While continuing to argue that they had no responsibility for the “natural segregation” in their districts, school officials throughout the North and West upheld the status quo by continuing to gerrymander district lines, much like their Southern counterparts, or, if pressured by the possibility of legal action, by adopting voluntary desegregation plans that resulted in little change.Footnote 30 Their evasions were not infrequently backed up by state court rulings. In one case originating in Southern California in 1955, Romero v. Weakley, a federal judge tried to dismiss the plaintiffs’ complaint about segregated schools on the grounds that “the Brown case is not applicable or controlling here” because, he said, the issues decided in Brown were “concerned with constitutional or statutory provisions” and did not apply in a case involving nonstatutory segregation.Footnote 31

Desegregation campaigns gained momentum in a number of Northern and Western cities by the early 1960s, a result of grassroots action combined with professional civil rights advocacy, and accelerated by the growing urgency of the Southern movement for civil rights. In spring 1963, Americans everywhere watched TV footage of peaceful demonstrators attacked by dogs and firehoses in Birmingham; a month later Mississippi NAACP leader Medgar Evers was assassinated on his own front lawn. In August, the March on Washington for Jobs and Justice attracted over 250,000 demonstrators from every part of the country (including thousands of Latinos from states spanning the mid-Atlantic to the Southwest); two weeks later segregationists began a bombing campaign in Birmingham, including the explosion that killed four girls at the Sixteenth Street Baptist Church.Footnote 32 Pressure on metropolitan school districts intensified in the wake of these events and became particularly acute in New York City and Los Angeles.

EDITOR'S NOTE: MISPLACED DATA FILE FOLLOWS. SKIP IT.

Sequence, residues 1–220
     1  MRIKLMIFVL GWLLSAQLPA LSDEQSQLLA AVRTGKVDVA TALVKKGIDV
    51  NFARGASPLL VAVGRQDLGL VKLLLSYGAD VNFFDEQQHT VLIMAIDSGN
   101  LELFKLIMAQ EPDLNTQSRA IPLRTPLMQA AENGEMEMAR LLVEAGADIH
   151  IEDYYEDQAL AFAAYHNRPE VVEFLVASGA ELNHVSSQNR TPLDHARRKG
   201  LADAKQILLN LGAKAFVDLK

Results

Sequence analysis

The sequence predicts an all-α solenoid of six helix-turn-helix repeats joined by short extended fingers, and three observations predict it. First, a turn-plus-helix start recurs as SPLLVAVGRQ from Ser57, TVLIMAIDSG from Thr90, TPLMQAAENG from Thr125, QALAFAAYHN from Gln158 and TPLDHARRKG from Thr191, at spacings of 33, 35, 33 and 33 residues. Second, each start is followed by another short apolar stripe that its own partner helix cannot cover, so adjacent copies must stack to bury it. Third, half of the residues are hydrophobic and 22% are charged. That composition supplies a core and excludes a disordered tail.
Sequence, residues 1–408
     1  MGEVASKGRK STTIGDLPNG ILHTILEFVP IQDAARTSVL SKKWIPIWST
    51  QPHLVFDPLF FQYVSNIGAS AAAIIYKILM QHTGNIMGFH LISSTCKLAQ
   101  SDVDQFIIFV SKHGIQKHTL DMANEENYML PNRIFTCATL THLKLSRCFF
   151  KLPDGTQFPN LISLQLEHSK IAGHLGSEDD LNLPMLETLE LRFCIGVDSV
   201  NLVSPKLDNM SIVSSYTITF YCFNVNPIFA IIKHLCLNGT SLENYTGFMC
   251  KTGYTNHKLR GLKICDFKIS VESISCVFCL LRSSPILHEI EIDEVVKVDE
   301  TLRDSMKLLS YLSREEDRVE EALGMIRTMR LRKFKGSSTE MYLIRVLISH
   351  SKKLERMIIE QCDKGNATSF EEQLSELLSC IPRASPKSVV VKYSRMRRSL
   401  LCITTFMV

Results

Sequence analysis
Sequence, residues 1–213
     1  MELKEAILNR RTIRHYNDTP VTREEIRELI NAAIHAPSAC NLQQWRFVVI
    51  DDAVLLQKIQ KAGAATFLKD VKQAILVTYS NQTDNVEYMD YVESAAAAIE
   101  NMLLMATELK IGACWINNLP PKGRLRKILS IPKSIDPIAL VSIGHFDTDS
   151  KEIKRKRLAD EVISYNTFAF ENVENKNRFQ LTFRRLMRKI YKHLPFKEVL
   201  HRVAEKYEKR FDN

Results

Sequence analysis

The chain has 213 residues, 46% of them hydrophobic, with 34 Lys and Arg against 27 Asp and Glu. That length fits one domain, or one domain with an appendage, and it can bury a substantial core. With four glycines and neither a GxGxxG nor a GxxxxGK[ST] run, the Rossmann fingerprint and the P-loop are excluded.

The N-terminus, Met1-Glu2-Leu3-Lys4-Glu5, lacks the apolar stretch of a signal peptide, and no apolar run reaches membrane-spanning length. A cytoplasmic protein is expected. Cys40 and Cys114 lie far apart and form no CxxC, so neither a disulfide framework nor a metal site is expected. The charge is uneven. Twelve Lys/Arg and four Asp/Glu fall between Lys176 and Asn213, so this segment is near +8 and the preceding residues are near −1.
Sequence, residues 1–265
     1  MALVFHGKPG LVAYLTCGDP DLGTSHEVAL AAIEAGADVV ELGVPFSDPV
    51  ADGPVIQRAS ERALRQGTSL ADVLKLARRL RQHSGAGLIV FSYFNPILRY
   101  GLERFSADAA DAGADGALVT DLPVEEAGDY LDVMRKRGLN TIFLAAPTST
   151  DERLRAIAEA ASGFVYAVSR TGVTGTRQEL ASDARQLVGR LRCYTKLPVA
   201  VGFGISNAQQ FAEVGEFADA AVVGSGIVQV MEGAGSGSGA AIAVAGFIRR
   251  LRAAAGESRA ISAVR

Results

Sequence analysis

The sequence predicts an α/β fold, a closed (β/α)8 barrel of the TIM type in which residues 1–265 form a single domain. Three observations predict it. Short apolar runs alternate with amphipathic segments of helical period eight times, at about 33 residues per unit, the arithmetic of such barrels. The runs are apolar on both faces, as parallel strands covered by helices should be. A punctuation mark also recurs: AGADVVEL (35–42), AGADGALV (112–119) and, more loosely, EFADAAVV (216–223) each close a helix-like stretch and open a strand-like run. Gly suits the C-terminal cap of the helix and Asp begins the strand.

Black and Puerto Rican leaders and parents in New York had been urging the school board since the mid-1950s to address the problem of its segregated and unequal schools. The Board of Education made promises to study the issue but took no action for several years, during which time segregation in the school system increased notably.Footnote 33 By 1960, residents of African American and Puerto Rican communities in Brooklyn, the Bronx, and Manhattan were pushing hard for specific measures to improve the quality of their schools; they planned strikes and demonstrations when school officials failed to respond. For many of the parent activists in these communities—whose children comprised nearly 40% of the city’s 1.2 million public school students—integration was a means to greater equality for their children’s education, not a goal in itself.Footnote 34 They protested the inequality of conditions at schools that were majority Black and Puerto Rican, citing poorly maintained and “antiquated” buildings, many so overcrowded they were run on a half-day schedule; high proportions of inexperienced teachers and a rate of teacher vacancies double that of primarily white schools; few guidance counselors; a lack of lunchrooms and libraries; and inadequate or nonfunctioning bathroom facilities.Footnote 35 Puerto Rican parents were especially concerned about how many of their children were shunted into vocational rather than academic programs: one study from the early 1960s reported that over 80% of Puerto Rican high school graduates received their diplomas from vocational programs.Footnote 36 Puerto Rican leaders and parents were also furious that they had no representation on the school board despite the fact that Puerto Rican children comprised 16% of the city’s public school population in 1960 and were the majority or near-majority in about two dozen schools across the city.Footnote 37